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With the first piece of insulation cut, I set it in place and added the two 30 mm TEC's with a thin layer of thermal paste.  These peltiers are potted, which means that the edges of the TEC are sealed with a substance that looks similar to silicone sealer.  This does two things.  One, it keeps condensation from forming inside the TEC and causing trouble with shorts and two, it allows for the TECs to be placed side by side (touching) without concern for short circuits.

The TECs were wired in parallel so each peltier would get a full 12 volts.  I have been powering my peltiers with an external power supply for a while now.   I use a 235 watt AT style power supply from an old 486 box. I started doing this to be able to get the peltiers really cold before booting the system.  It's not really necessary for most situations, but you never know when I'll want to try booting to some ridiculous speed where a cold processor on boot-up makes all the difference.....

Next to get added was the cold plate.  I'm a bit up in the air about the design for this plate.  As I said, the plate's thickness started at 1/4".  I removed material from around the center block where the processor's slug will attach, until the thickness of the plate was about 3/32". This left the raised area at 5/32".  My concern is that the 3/32" portion is not thick enough to draw away as much heat as the Celeron will produce.  I plan to experiment with some different thickness' and see what happens.

Another layer of insulation is added.  This one has been relieved to have the cold plate fit snugly inside it.  The insulation sticks up a bit higher than the square of the cold plate so that when the Celeron is attached, it seals the slug tightly around the circuit card of the PPGA assembly.  You will remember from previous articles that the PPGA assembly has been coated in polyurethane to prevent short circuits in the event of condensation.  (Hmmm, "In the event of condensation" is being overly optimistic.  Condensation will occur!)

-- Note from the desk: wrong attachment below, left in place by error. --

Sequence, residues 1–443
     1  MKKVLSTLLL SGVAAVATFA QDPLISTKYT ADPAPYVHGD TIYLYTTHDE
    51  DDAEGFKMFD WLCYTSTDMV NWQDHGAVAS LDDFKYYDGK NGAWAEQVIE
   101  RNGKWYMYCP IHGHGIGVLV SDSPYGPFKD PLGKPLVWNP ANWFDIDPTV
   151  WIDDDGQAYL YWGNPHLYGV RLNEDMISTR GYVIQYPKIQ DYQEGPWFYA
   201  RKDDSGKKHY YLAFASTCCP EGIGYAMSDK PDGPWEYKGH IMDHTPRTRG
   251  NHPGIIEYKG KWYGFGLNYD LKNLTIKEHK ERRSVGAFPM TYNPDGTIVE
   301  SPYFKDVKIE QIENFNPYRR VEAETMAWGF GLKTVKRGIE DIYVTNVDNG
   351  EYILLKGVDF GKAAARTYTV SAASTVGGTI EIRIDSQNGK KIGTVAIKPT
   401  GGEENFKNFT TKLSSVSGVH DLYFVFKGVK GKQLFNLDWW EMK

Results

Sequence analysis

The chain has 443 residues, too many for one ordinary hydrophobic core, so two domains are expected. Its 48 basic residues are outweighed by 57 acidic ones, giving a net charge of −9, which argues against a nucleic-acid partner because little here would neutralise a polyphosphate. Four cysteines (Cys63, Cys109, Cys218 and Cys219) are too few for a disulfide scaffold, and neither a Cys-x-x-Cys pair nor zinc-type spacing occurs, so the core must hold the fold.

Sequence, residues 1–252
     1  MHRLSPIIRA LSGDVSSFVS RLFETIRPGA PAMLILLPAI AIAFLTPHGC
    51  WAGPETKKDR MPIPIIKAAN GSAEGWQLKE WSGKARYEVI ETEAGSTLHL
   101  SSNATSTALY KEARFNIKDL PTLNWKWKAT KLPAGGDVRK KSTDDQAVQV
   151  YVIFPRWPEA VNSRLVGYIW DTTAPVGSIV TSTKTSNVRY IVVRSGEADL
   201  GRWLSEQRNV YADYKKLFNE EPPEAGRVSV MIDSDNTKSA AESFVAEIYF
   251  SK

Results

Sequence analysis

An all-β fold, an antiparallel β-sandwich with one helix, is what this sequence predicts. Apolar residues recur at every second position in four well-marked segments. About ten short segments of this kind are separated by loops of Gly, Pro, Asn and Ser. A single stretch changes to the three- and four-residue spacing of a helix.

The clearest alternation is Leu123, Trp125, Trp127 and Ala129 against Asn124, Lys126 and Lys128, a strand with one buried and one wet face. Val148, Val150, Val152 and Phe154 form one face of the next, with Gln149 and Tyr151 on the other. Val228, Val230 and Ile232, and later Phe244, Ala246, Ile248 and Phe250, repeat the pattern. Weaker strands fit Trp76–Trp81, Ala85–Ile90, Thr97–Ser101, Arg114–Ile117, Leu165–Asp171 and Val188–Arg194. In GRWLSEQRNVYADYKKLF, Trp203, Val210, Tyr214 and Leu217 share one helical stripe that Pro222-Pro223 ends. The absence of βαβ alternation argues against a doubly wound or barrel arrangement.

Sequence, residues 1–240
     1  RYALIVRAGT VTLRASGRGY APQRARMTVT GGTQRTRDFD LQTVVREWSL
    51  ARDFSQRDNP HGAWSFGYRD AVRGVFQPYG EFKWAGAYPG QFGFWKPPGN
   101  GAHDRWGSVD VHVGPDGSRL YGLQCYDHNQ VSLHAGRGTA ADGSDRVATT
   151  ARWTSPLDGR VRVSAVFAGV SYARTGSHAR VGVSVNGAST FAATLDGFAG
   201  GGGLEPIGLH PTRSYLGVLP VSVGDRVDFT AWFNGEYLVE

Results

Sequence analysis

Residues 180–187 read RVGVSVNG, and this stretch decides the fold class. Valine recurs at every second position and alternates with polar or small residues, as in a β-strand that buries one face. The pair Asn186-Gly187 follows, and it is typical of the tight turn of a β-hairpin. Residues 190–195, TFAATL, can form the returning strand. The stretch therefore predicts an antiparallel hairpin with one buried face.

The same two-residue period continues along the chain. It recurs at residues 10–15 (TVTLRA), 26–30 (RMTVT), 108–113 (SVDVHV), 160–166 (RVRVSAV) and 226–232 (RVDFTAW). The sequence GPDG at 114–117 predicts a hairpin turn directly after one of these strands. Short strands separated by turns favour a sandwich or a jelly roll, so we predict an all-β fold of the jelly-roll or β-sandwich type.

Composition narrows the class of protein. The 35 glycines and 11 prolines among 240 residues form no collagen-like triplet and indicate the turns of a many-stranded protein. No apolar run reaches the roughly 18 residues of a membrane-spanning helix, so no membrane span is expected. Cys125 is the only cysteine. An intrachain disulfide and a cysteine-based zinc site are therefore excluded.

To quote a line from history, "Houston, we have a problem."  The problem was how to attach this darn thing to the 370 socket.  I had originally envisioned running spring clips around the 2" side of the cooler and threading them under the 2 tangs on the side of the 370 socket.  Wrong.  No matter how many different designs I came up with, I could not get the cooler to fit tight enough to the Celeron.  I tried wire ties, helical springs, big "C" shaped springs, everything I could think of (and I can think of some pretty weird stuff.)  Nothing held the assembly together with the permanence that I was looking for.

Slowly, the plans for water cooler #4 started to take shape.  But what to do with this one?  I wasn't about to give up on it without finding out how well it cooled.  I did have these big spring clamps I use for holding projects in place during gluing.....  Ugly? Yes.  Totally impractical?  Yes.  Perfect, I'll use one!  And so it went together for testing.

If you can get past the fact that this setup looks pretty Mickey Mouse, the numbers are pretty impressive.  Without the additional insulation I normally use to guard against condensation, this one pulled moisture out of the air like a magnet.  However, the performance and the ease of building it let me know I was headed in the right direction.

One thing made itself apparent pretty quickly.  This design had no problem dissipating the heat of the dual 30 mm TECs.  There was more than enough water flow through the cooler to pull the heat out to the radiator.  (For those of you who aren't familiar with the radiator side of this water cooler, the pictures and description can be found here.)

Because I had this cooler held together with a big spring clamp and it had no extra insulation to keep moisture from condensing on the 370 socket and adapter card, I quickly got to work on water cooler #4.  A couple of design decisions were made.

1.  The cooler performed better than expected and could probably be made smaller.  This would help in mounting it to the 370 socket.

2.  I could probably get away with fewer water passages.  This would save some time in building it.

3.  I would increase the thickness of the cold plate where it covered the peltiers to help with the removal of heat from the slug.

Water cooler #4 is on its way.